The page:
McCarthy was designing grain carts and heavy harrows when the first prototype was put together, welded by a buddy. That was installed December 2010 at Cromer, just north of the Enbridge tank farm.

It ran for three-quarters of a year, and had obvious issues, McCarthy said. He was still working at Brandt as he designed the next generation on evenings and weekends when he simply got too busy. In April 2012, he made “a big jump.”

“At the time, it was a tough decision,” he said. “I never paid myself for years and years.”

His two partners each made cash investments, and a sizeable sum came from his parents. That money was spent on materials to make something work.

An advantageous move to Moosomin from Regina, when it came to housing prices, made it a lot easier for the McCarthys to be able to afford to live while the company was in its infancy.

The second generation was two units. He explained they didn’t work very well. “I learned a lot,” he said.

Part of that was learning about 24-hour operations in cold and hot conditions, about things like cylinder seals and pump flows. Simplifying design was another area.

This led to three units in the third generation, and all three are still operating today. The UNO had matured.

It was in 2014 he realized, “This is really going to take off.”

Their most prominent customer told Pipeline Newsin a previous story printed in August, 2017, that the IJACK UNO’s variability in operating parameters is a key point for them, as well as its small footprint. The IJack UNO simply bolts onto the wellhead, and does not require a pad or pilings.

McCarthy explained that the UNO can run from 0.2 to six strokes per minute.

“It’s self-adjusting, while the well declines, based on the surface card. It’s got a huge stroke, and no changing of shivs, and no VFD (variable frequency drive),” said Tim Beals, who recently came onboard to handle sales.

Gas compression

The UNO’s adoption, particularly around Cromer, has seen a substantial number of walking beam pumpjacks supplanted by these hydraulic units in recent years.

Unfortunately, the end of 2014 saw the start of the oil downturn that the industry still hasn’t fully recovered from.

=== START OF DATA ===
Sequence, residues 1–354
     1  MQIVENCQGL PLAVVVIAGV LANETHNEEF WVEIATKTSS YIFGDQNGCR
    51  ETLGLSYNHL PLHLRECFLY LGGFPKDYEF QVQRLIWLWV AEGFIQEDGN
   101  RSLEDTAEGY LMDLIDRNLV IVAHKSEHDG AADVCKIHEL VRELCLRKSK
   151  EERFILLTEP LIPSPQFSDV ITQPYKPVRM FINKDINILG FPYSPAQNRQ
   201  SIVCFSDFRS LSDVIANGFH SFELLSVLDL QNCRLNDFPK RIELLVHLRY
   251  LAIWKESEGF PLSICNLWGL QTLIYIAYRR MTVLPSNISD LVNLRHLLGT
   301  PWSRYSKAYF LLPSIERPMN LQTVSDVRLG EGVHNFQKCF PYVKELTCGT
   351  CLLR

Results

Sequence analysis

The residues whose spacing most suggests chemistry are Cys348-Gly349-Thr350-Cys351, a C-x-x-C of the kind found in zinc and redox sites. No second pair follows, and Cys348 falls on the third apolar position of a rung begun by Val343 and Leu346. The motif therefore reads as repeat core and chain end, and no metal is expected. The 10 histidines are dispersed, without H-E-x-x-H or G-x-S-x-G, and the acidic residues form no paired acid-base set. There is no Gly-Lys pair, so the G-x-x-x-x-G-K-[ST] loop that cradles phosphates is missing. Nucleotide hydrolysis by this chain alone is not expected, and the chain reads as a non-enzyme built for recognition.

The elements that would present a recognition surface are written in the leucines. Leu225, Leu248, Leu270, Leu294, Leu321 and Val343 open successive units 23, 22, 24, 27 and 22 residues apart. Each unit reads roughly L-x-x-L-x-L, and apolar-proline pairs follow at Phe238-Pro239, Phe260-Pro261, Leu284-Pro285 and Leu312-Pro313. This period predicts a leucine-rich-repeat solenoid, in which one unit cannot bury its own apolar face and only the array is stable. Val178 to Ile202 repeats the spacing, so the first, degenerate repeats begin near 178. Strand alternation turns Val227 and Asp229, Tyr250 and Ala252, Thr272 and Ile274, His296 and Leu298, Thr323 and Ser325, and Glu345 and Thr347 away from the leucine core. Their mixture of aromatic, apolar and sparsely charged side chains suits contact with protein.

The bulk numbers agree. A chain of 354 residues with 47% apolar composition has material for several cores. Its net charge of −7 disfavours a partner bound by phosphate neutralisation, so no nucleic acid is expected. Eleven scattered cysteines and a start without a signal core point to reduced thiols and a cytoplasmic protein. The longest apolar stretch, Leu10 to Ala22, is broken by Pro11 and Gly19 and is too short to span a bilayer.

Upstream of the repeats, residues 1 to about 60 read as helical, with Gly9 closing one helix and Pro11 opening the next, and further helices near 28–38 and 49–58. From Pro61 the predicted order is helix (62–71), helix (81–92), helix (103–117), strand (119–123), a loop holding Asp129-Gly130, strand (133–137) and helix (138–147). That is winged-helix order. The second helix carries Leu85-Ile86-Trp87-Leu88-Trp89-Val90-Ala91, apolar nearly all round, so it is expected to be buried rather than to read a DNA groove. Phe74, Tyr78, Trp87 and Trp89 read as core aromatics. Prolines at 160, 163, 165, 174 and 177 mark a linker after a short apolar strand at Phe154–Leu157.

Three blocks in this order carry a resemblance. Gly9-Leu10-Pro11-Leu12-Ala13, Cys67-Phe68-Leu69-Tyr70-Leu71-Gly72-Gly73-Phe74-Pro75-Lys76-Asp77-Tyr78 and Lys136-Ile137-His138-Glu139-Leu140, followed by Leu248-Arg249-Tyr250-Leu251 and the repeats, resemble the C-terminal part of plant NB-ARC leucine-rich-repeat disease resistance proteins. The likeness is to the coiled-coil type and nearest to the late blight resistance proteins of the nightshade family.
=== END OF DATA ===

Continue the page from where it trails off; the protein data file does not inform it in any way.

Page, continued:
At that point, he hadn’t taken a dollar out of the company, and was used to running very lean.

At this time, gas compression was born. A nearby oil company wanted to make more oil from the wells they had. Using gas compression resulted in a two-to-five times increase in production.

This resulted in two different products – first the DGAS, which is a gas compressor piston bolted onto existing walking beam pumpjacks. While there are other manufacturers of similar products, the IJack version does not involve welding, and is adjustable for different sizes of pumpjacks.

“That really carried us through the downturn,” McCarthy said.

Its drawback is that slowing down the pumpjack resulted in less gas compression. This, in turn, led to their second version of gas compression, the EGAS.

Instead of being mounted on the pumpjack, it’s a standalone unit with two opposing hydraulic cylinders operating a central gas piston. The system is mounted on its own stand, about waist height, in a horizontal configuration. EGAS is capable of handing liquids, while the DGAS cannot.

The power units, for both the UNO and EGAS, do not use a variable frequency drive (VFD). Instead, the power unit uses variable displacement pumps.

One power unit can be used to operate an UNO hydraulic pumpjack and an EGAS compressor unit, a configuration they call UNOGAS. An EGAS gas compressor can also be hooked up to several wells. It is capable of moving twice as much gas as a DGAS unit.

Next edition: Part II will focus on IJack’s manufacturing in Saskatchewan, part of our special on Made in Canada.